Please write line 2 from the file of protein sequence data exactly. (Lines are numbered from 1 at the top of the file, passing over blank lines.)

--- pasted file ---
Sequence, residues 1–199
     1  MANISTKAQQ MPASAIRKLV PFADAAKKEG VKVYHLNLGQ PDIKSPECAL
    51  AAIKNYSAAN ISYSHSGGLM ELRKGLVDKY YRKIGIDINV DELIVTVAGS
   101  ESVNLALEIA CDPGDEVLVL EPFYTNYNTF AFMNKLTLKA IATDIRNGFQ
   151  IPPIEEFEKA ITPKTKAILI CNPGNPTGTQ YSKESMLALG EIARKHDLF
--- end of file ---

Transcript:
     1  MANISTKAQQ MPASAIRKLV PFADAAKKEG VKVYHLNLGQ PDIKSPECAL